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Here’s a comprehensive list of everyone Trump has blamed for his pandemic response failures

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President Donald Trump infamously said that he isn’t taking any responsibility for the federal government’s response to the coronavirus pandemic, and has instead constantly sought to shift blame for the government’s failures onto others.

The Washington Post’s Amber Phillips has created an exhaustive list of all the people whom Trump has blamed for his own administration’s pandemic response, and it shows that the president has been willing to cast a wide net in the search for COVID-19 scapegoats.

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Among other things, Trump tried to blame China for not doing enough to contain the virus, even though he actually praised China for “working very hard to contain the coronavirus” back in January.

The president also falsely blamed former President Barack Obama for supposedly slowing down his administration’s production of testing kits, even though none of the rule changes about stricter testing oversight proposed under Obama were ever implemented.

Trump has also tried to blame governors for the shortage of ventilators faced by hospitals during the crisis, as he’s claimed that it shouldn’t be the federal government’s responsibility to secure medical supplies during a public health crisis.

Trump has even gone so far as to accuse governors of exaggerating the equipment that they need.

“I have a feeling that a lot of the numbers that are being said in some areas are just bigger than they’re going to be,” he said. “I don’t believe you need 40,000 or 30,000 ventilators.”

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Read the entire list of COVID-19 scapegoats here.


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Trump is a friendless ‘psychopath’ who now sees Kavanaugh and Gorsuch as enemies: Art of the Deal ghostwriter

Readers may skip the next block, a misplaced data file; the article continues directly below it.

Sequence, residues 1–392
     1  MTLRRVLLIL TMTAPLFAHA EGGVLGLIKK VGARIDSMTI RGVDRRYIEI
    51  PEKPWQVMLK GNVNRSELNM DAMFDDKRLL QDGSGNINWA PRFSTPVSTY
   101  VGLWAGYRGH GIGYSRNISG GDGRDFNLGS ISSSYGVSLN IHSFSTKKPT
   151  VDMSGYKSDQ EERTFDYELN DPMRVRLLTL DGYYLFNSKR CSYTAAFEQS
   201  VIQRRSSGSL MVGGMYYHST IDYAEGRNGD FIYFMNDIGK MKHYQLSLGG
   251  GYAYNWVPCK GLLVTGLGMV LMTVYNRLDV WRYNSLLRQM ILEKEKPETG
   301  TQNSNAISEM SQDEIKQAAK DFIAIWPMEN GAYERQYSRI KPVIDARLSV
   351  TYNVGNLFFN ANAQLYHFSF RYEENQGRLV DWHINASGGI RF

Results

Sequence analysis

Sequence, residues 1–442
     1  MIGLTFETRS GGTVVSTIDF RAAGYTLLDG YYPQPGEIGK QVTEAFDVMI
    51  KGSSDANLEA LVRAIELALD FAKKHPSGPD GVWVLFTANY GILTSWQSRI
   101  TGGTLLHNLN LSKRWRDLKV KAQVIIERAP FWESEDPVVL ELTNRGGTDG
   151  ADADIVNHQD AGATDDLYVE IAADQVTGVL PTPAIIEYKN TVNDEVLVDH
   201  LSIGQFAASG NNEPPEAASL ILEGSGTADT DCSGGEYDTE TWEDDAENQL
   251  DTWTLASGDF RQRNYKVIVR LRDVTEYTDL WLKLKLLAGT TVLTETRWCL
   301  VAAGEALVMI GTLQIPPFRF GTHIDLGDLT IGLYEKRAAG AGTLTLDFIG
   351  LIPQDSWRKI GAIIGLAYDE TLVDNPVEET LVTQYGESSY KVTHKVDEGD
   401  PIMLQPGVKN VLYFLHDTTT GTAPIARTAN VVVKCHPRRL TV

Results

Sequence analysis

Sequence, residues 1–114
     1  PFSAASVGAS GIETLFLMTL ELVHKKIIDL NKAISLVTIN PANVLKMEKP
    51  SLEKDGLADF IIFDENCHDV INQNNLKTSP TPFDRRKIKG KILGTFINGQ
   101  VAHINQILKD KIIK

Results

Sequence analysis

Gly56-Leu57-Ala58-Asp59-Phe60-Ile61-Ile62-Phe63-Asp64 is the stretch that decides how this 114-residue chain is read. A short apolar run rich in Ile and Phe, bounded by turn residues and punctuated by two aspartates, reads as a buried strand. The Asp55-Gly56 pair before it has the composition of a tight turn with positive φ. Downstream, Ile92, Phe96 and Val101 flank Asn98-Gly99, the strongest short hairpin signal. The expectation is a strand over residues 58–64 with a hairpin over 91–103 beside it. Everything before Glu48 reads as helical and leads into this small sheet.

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Brett Kavanaugh and Neil Gorsuch, who were nominated by Donald Trump, voted with the majority on Thursday against the president. Tony Schwartz, the ghostwriter behind “Trump: The Art of the Deal,” says that the president now views the two Supreme Court justices as his enemies.

“The psychopathy is why he does what he does,” Schwartz told CNN. “He has no conscience and so breaking the law for him is no big deal.”

The Supreme Court rejected claims by Trump's attorneys that the president enjoyed absolute immunity, but the rulings may still allow him to keep his financial records secret until after the November election.

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‘Trump may well face charges’ after Supreme Court gave prosecutors access to financial records: Legal experts

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President Donald Trump could potentially face charges after the Supreme Court dealt him a loss in Trump v. Vance .

The ruling gives Manhattan district attorney Cyrus Vance Jr. the go-ahead to subpoena Trump’s accounting firm as part of his investigation into possible tax crimes involving hush money payments to his mistresses, according to attorneys Norm Eisen and Bassetti in Just Security.

"Trump has significant state law criminal exposure in connection with his hush money payments (for which his fixer Michael Cohen has already gone to jail on federal charges) — and more," the pair wrote. "Trump cannot pardon himself for state law offenses on his way out the door. And the Justice Department’s position that a sitting president cannot be indicted does not bind New York state authorities."

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WATCH: Drunk CEO brags about his wealth as he spews racist slurs at California bartender

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During her shift this Tuesday night at a bar in Fresno, California, Rebecca Hernandez found herself on the receiving end of racist slurs from an intoxicated man. Since she was with only one other co-worker in the bar and feared for her safety, she took out her phone and started recording the incident on video.

“You’re a dark-haired dumbass, sand-n****r motherf*cker,” the man said to her.

“You’re going to be on the internet,” Hernandez told the man, who identified himself in the video as Jason Wood.

“No honey, I drive the internet," he responded.

Hernandez posted the video to Instagram, where it's garnered thousands of views.

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